First Look summarizes new working papers, case studies, and publications produced by Harvard Business School faculty. Readers receive early knowledge of cutting-edge ideas before they enter the mainstream of business practice. For complete details on faculty research, see our Working Papers section.
Is the MBA about to be disrupted?
It's not often that a Harvard Business School professor is a protagonist in one of the School's cases, but Clayton Christensen, the creator of the disruptive innovation theory, is at center stage in "Driving Towards a Disruption?" Written by Willy Shih and William Noble, the case ponders the impact that online degree programs are having on educational institutions such as HBS, and asks whether the value of an MBA degree is threatened.
Coal mines and entrepreneurship
Researchers often look to proximity of surrounding resources to help explain why certain locations bloom with entrepreneurial activity. In the working paper Entrepreneurship and Urban Growth: An Empirical Assessment with Historical Mines, researchers Edward L. Glaeser, Sari Pekkala Kerr, and William R. Kerr find a strong connection between a city's initial entrepreneurship and subsequent economic growth. The research might shed light on how entrepreneurship drives job growth in cities.
Economic power of immigrants
In another bow to the power of location, the paper Channels of Influence finds that companies that serve strong immigrant populations near their firm headquarters see higher stock returns by up to 7 percent. "Using customs and port authority data on the international shipments of all U.S. publicly-traded firms, we show that firms are significantly more likely to trade with countries that have a strong resident population near their firm headquarters," write researchers Lauren Cohen, Umit G. Gurun, and Christopher J. Malloy. "In sum, our results document a surprisingly large impact of immigrants' economic role as conduits of information for firms in their new countries."
The Size and Composition of Corporate Headquarters in Multinational Companies: Empirical Evidence
|Authors:||David Collis, David Young, and Michael Goold|
|Publication:||Journal of International Management 18, no. 3 (September 2012)|
Based on a six country survey of nearly 250 multinationals (MNCs), this paper is the first empirical analysis to describe the size and composition of MNC headquarters and to account for differences among them.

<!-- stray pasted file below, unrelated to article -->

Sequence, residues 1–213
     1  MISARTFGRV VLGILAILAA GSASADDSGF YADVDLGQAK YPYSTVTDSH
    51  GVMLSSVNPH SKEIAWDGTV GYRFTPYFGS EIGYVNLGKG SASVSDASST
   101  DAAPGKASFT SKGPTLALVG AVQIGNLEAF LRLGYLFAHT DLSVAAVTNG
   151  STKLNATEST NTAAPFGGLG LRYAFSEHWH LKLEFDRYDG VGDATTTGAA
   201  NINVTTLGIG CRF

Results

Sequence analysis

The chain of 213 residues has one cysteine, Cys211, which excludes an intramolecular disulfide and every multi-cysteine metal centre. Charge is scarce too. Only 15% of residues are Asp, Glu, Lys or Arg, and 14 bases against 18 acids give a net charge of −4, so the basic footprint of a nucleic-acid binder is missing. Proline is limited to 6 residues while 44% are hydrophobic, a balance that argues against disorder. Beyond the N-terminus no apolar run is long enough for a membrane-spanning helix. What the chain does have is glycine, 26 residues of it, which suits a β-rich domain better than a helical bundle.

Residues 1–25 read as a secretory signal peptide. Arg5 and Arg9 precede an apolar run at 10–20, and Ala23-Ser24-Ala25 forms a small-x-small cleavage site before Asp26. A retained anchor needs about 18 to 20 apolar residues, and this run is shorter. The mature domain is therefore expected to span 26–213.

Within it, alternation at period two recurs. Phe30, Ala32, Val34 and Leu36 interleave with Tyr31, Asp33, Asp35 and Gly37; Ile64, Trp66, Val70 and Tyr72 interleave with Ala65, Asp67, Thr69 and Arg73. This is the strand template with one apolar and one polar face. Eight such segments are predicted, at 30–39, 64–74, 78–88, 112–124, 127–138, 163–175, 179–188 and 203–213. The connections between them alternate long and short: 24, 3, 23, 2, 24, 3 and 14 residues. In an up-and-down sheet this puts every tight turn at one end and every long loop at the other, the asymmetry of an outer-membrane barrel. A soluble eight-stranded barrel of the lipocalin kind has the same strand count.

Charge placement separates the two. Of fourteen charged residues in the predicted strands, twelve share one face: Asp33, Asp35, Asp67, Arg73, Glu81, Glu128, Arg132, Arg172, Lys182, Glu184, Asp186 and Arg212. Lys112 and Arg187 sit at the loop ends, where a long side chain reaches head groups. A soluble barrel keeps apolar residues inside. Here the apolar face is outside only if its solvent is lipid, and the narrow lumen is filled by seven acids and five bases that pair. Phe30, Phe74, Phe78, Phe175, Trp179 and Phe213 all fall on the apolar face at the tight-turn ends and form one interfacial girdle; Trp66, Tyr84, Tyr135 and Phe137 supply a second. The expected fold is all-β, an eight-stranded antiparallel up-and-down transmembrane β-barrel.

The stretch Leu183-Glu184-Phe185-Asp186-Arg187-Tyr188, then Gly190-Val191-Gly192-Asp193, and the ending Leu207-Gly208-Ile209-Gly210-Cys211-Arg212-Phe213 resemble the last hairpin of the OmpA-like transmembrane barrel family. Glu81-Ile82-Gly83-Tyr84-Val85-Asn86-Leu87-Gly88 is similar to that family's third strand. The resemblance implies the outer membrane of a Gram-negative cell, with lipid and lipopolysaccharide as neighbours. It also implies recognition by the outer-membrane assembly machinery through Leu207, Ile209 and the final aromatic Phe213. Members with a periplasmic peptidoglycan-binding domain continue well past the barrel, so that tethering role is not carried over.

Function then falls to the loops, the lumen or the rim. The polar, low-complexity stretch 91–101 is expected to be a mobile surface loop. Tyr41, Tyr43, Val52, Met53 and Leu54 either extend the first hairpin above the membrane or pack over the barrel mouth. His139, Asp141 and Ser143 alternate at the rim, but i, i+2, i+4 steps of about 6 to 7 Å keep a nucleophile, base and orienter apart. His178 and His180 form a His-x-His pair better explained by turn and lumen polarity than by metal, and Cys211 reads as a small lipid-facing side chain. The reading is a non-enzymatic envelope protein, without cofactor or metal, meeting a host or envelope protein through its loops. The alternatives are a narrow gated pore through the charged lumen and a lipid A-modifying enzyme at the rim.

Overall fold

Brasil: uma sociedade sustentável
|Authors:||Robert G. Eccles, George Serafeim, and Jorge Amar|
|Publication:||Ideia sustentável (June 2012)|
An abstract is unavailable at this time.
Field Evidence on Individual Behavior & Performance in Rank-Order Tournaments
|Authors:||Kevin J. Boudreau, Constance E. Helfat, Karim R. Lakhani, and Michael Menietti|
Economic analysis of rank-order tournaments has shown that intensified competition leads to declining performance. Empirical research demonstrates that individuals in tournament-type contests perform less well on average in the presence of a larger number of competitors in total and superstars. Particularly in field settings, studies often lack direct evidence about the underlying mechanisms, such as the amount of effort, that might account for these results. Here we exploit a novel dataset on algorithmic programming contests that contains data on individual effort, risk taking, and cognitive errors that may underlie tournament performance outcomes. We find that competitors on average react negatively to an increase in the total number of competitors, and react more negatively to an increase in the number of superstars than non-superstars. We also find that the most negative reactions come from a particular subgroup of competitors: those that are highly skilled, but whose abilities put them near to the top of the ability distribution. For these competitors, we find no evidence that the decline in performance outcomes stems from reduced effort or increased risk taking. Instead, errors in logic lead to a decline in performance, which suggests a cognitive explanation for the negative response to increased competition. We also find that a small group of competitors, who are at the very top of the ability distribution (non-superstars), react positively to increased competition from superstars. For them, we find some evidence of increased effort and no increase in errors of logic, consistent with both economic and psychological explanations.
Download the paper: http://www.hbs.edu/research/pdf/13-016.pdf
Channels of Influence
|Authors:||Lauren Cohen, Umit G. Gurun, and Christopher J. Malloy|
We demonstrate that simply by using the ethnic makeup surrounding a firm's location, we can predict, on average, which trade links are valuable for firms. Using customs and port authority data on the international shipments of all U.S. publicly-traded firms, we show that firms are significantly more likely to trade with countries that have a strong resident population near their firm headquarters. We use the formation of World War II Japanese Internment Camps to isolate exogenous shocks to local ethnic populations, and identify a causal link between local networks and firm trade links. Firms that exploit their local networks (strategic traders) see significant increases in future sales growth and profitability, and outperform other importers and exporters by 5%-7% per year in risk-adjusted stock returns. In sum, our results document a surprisingly large impact of immigrants' economic role as conduits of information for firms in their new countries.
Download the paper: http://www.hbs.edu/research/pdf/13-013.pdf
Equalizing Outcomes vs. Equalizing Opportunities: Optimal Taxation when Children's Abilities Depend on Parents' Resources
|Authors:||Alexander Gelber and Matthew Weinzierl|
Empirical research suggests that parents' economic resources affect their children's future earnings abilities. Optimal tax policy therefore will treat future ability distributions as endogenous to current taxes. We model this endogeneity, calibrate the model to match estimates of the intergenerational transmission of earnings ability in the United States, and use the model to simulate optimal policy numerically. Optimal policy is more redistributive toward low-income parents than existing U.S. tax policy. The optimal policy increases the probability that low-income children move up the economic ladder, generating a present-value welfare gain of 1.28% of consumption in our baseline case.
Download the paper: http://www.hbs.edu/research/pdf/13-014.pdf
Entrepreneurship and Urban Growth: An Empirical Assessment with Historical Mines